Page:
Add “axi_spi” IP from IP Catalog. Right click on axi_spi_0 in the “System Assembly View > Bus Interfaces” tab and select “Configure IP” from the pop up menu. The AXI SPI Configuration Wizard will open. Set “Include both Receiver and Transmitter FIFOs” as “FALSE” and “Ratio of AXI Clock Frequency To SCK Frequency” as 2 and click “OK”.

Now we will configure the peripheral IPs. Right click on microblaze_0 in the “System Assembly View > Bus Interfaces” tab and select “Configure IP” from the pop up menu. The Microblaze Configuration Wizard will pop up. Select “Linux with MMU” under the “Select Configuration” options (Please see image below). 

At this point, we have finished configuring Microblaze CPU and all peripherals. The next step is to route all peripheral interrupts to the microblaze CPU through the interrupt controller. To configure interrupts, go to the “Ports” tab in “System Assembly View” and locate the “Open interrupt Control Dialog” button. This button is a little tricky to locate. Please see the image below for help.

In the interrupt control dialog box, make sure that both  FT232_UART and axi_timer_0 are connected to the interrupt controller and debug_module and axi_spi_0 are not connected to the interrupt controller as shown in the image below.

Now go to the “System Assembly View” and select “Addresses” tab and make sure all peripherals have a base address assigned (XPS will take care of this automatically, but just in case). Note the base address of DDR3 memory, we will need it when building Linux kernel. At this point, we are ready to build the project. Click on the “generate bitstream” button the left side pane to start build process. If build fails due to timing closure issues, go to project menu in XPS, select Project Options and uncheck “Treat timing failures as errors”. This should help the build complete without errors.

Now we recommend that you create a SDK application project for this hardware platform and test its basic functionality by creating a “Hello world” application. Please follow the steps similar to the section “Creating Application program for Microblaze based Embedded Platform” in the article Creating Xilinx EDK test project for Saturn – Your first Microblaze processor based embedded design to create a SDK project(creating SDK project for Galatea is similar to creating a SDK project for Saturn). Choose “Hello world” SDK application template when generating the application. Run the application on the board to make sure that everything so far works as expected.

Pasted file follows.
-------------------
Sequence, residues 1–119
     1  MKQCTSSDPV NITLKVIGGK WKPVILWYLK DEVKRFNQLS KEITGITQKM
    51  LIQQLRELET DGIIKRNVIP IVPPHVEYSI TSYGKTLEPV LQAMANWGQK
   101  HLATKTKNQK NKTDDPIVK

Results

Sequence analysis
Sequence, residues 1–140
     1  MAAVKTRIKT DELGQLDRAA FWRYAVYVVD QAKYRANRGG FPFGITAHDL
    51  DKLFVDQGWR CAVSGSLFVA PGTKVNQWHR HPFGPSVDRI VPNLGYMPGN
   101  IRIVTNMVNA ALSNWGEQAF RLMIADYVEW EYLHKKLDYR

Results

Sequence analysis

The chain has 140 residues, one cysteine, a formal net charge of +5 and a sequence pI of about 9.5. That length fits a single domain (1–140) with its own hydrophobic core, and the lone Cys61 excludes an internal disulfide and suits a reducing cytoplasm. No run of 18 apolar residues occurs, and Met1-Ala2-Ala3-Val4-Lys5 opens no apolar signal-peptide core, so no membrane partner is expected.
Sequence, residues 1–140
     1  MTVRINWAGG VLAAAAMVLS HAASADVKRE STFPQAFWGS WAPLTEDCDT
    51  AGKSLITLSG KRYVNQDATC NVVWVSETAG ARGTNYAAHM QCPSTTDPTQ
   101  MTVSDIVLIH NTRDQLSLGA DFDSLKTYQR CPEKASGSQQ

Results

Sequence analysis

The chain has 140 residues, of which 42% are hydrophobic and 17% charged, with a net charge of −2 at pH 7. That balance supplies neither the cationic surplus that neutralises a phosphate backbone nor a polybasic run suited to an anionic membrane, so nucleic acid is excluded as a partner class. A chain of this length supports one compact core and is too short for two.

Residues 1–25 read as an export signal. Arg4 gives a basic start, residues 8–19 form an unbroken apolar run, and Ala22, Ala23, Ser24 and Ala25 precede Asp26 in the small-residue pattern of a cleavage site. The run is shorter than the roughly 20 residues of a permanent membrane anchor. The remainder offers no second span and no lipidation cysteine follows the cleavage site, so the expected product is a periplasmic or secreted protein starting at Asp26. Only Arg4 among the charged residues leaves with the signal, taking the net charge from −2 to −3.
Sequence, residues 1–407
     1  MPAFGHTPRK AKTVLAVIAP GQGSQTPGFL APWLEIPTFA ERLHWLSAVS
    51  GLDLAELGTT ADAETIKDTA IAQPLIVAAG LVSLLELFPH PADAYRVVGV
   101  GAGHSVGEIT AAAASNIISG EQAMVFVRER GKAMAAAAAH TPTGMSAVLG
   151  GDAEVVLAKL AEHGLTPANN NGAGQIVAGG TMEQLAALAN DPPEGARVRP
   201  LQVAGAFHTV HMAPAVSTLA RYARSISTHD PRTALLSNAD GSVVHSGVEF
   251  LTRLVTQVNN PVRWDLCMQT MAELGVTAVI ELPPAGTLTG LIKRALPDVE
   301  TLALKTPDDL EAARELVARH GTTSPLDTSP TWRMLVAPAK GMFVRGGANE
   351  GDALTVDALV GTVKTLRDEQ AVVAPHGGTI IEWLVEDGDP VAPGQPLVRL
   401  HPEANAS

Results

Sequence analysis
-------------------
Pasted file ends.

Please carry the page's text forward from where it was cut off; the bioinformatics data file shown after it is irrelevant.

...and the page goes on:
Assuming you were able to build the hardware platform using XPS and test it using SDK successfully, let us move on to the discussion about how to build Linux kernel. There are different ways to do this depending on how much time and effort you would like to invest. The easiest of all is to use a tool such as Buildroot. In this example, we will use Buildroot to build our kernel. Buildroot, when properly configured, can download Linux kernel source, build cross compilation tools and build the kernel itself all with a single command.

Please note that we will continue using Windows for running Xilinx tools (and of course Linux for building kernel). Author has used Ubuntu 14.04 LTS 64 bit desktop version while putting together this article. We will do the following steps one by one to build the Linux Kernel.

Section II: Generating Device Tree

On many platforms, Linux kernel depends on a data structure called Device Tree to discover and configure different hardware components available on the board. Kernel uses the device tree in binary format which is generated by using device tree compiler. The input to the device tree compiler is a text file (with extension .dts) that describes all the hardware and dependencies. This file can be edited manually by hand if necessary. But fortunately, there are tools available that can help us generate device tree from our XPS/SDK projects.